Mitt Romney deemed the road trip, which goes through an archipelago of shuttered factories and mills, as Obama's "Magical Misery Tour", though the former governor and CEO would undoubtedly promote the same free trade policies even more fervently. Obama won Minnesota, Iowa and Illinois in 2008, but is set to lose them in 2012 if he remains on the free trade bandwagon. Last week, he visited Michigan, the epicentre of American manufacturing's decimation.
A May report from the liberal Economic Policy Institute (pdf) finds that the North American Free Trade Agreement (Nafta), which was primarily touted as a job creator, has cost the US 682,900 jobs, 61% of them in manufacturing. Many jobs have moved south to Mexico, resulting in a switch in the two countries' trade deficit. In 1993, the US had a $1.6bn trade surplus with Mexico; in 2010, the tides turned and Mexico held a trade surplus of $97.2bn over the US.
The consequences of Nafta have not been positive in Mexico, either: the US has seen a historic flow of Mexican immigrants across the border, driven by the closure of plants unable to compete with transnational companies, the elimination of peasant agriculture, and rising consumer prices have driven a wave of immigrants across the US border. This convoy of economic refugees has weakened only recently, mostly due to the downturn.
It shouldn't be surprising that free trade agreements are unpopular, though politicians don't seem to comprehend it. According to the findings of an underreported November 2010 poll by the Pew Research Center, only 35% of Americans say that free trade agreements have benefited the US, while 44% say the country has been harmed. The study even found that Republican support for free trade has plummeted from 44% in November 2009, to a rock bottom 28% in 2010.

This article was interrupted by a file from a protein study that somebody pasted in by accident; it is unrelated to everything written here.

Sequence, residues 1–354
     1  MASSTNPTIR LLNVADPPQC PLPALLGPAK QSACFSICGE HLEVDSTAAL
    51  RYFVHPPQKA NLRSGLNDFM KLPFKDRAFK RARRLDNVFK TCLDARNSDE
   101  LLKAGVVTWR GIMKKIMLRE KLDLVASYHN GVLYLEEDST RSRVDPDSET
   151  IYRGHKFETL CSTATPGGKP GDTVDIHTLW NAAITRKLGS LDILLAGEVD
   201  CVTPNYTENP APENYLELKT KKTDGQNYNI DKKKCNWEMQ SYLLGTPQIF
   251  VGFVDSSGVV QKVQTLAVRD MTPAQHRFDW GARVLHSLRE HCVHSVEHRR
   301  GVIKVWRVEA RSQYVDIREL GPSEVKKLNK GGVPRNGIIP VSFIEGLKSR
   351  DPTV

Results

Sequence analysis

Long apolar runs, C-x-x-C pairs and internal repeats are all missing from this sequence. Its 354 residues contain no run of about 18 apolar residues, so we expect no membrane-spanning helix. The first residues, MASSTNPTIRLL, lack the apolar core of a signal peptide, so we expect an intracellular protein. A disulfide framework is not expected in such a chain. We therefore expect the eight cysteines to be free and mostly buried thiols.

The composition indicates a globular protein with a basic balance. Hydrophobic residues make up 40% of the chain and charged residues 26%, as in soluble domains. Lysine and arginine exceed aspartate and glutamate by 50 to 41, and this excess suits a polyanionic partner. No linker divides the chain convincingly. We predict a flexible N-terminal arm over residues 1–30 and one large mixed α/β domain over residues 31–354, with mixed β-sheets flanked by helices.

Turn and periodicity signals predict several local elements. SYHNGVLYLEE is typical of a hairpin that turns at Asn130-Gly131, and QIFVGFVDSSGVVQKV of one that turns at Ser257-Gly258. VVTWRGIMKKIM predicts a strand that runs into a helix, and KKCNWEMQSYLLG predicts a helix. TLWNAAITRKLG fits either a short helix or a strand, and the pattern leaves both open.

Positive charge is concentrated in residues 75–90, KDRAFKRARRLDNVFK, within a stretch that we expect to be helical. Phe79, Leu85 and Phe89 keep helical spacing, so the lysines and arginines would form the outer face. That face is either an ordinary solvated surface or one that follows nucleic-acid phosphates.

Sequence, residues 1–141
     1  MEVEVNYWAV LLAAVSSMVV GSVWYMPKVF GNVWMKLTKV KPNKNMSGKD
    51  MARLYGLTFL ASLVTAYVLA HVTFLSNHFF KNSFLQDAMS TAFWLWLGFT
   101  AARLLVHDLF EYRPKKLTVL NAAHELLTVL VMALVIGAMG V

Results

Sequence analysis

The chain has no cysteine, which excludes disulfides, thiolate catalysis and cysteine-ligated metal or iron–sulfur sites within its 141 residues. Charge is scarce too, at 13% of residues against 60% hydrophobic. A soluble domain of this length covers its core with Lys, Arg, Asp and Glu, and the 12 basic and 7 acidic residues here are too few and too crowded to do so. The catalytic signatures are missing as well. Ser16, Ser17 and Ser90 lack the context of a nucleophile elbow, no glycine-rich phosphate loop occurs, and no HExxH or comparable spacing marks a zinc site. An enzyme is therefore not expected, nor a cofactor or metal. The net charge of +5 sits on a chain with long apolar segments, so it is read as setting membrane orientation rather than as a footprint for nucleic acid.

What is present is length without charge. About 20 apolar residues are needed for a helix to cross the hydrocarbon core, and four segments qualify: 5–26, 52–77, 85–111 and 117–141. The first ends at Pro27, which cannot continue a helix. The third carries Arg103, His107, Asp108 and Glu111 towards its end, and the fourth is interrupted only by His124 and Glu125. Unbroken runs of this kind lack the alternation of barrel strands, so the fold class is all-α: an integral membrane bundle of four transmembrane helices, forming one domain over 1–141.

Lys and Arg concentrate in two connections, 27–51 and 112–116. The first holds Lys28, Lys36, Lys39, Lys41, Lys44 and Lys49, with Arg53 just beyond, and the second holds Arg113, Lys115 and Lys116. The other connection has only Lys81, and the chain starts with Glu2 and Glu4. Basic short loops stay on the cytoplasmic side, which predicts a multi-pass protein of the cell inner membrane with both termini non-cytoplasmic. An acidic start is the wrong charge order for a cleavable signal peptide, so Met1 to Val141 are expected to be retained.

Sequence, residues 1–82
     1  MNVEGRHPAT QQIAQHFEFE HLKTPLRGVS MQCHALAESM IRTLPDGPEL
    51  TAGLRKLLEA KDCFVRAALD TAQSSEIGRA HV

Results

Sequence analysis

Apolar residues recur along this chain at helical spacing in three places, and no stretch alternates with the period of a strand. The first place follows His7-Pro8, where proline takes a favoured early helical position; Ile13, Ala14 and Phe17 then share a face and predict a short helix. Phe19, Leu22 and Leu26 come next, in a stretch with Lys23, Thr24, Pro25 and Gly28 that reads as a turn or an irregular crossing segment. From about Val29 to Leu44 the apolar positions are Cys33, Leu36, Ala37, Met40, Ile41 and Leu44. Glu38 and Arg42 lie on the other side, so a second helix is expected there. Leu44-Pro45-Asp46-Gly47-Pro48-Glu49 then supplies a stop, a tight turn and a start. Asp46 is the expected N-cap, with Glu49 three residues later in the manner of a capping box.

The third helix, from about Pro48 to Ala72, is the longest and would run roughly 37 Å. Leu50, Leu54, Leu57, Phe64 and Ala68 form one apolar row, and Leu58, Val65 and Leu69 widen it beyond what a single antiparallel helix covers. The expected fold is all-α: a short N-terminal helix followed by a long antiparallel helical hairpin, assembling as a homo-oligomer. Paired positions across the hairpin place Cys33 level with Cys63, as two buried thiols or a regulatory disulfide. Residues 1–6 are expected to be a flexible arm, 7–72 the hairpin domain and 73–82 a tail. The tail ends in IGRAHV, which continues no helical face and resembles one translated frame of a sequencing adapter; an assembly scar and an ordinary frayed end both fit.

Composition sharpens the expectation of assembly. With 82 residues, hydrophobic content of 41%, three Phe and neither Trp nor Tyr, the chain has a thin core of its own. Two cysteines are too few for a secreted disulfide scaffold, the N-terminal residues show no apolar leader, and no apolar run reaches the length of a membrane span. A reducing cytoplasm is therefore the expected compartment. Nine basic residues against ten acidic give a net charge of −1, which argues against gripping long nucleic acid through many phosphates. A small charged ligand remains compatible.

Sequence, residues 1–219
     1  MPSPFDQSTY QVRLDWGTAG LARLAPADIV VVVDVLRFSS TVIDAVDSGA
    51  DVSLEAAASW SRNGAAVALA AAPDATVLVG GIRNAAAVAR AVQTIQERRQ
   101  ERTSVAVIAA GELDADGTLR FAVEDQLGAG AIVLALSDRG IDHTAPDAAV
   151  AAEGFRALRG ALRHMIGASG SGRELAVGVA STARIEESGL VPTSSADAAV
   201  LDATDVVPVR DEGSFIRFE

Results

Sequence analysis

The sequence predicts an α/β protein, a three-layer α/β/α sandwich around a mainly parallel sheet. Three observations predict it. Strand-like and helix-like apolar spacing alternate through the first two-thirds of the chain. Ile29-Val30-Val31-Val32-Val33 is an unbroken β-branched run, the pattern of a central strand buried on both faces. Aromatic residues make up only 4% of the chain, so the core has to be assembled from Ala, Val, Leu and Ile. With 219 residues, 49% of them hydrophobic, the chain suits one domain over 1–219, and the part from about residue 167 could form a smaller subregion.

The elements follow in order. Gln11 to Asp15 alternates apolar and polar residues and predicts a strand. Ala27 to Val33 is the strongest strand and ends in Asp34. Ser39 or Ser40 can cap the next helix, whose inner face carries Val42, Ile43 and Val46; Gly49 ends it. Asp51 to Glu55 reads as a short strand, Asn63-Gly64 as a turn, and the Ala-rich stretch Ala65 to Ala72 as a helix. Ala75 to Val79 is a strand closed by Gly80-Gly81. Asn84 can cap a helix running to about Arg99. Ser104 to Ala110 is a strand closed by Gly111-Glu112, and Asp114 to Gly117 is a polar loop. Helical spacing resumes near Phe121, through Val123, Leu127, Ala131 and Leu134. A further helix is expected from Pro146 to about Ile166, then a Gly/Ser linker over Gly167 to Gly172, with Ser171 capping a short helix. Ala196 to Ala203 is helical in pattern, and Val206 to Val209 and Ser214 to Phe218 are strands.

"Support for free trade agreements is now at one of its lowest points in 13 years of Pew Research Centre surveys," the report concludes. Indeed, 63% of Tea Party-leaning Republicans have a negative outlook on Nafta – more than any other group polled.
Obama once seemed to understand the deep-seated popular opposition to free trade. During the 2008 election, he released a mailer attacking Hillary Clinton, whose husband signed Nafta: "Is Hillary Clinton running away from her own record on trade deals that have cost Ohio nearly 50,000 jobs?"
But once again, Obama's ham-handed efforts to "reach across the aisle" alienates the left while failing to appease rank-and-file Republican voters.
We have a service economy with the manufacturing middle hollowed out. Elites consider financial services to be our contribution to the new global economic order: Mexico and China make stuff; we package and sell opaque financial instruments. The financial crisis was the product of a government more concerned with defending this status quo and protecting profits on Wall Street than with creating and defending well-paying American manufacturing jobs.
But Obama's support for free trade and Wall Street consistently fails to win over corporate America. Big finance and the Chamber of Commerce continue to work tirelessly to undermine his presidency, no matter what he sacrifices in the way of working people's well-being.
It's not clear that the media or anyone else is picking up on the mundane details of Obama's new talking points. But if they do, the president's push for free trade agreements with South Korea, Panama and Colombia is unlikely to be well received: the Minnesota Fair Trade Coalition estimates that 57,000 Minnesotans are at risk of offshoring or displacement under a Korea deal.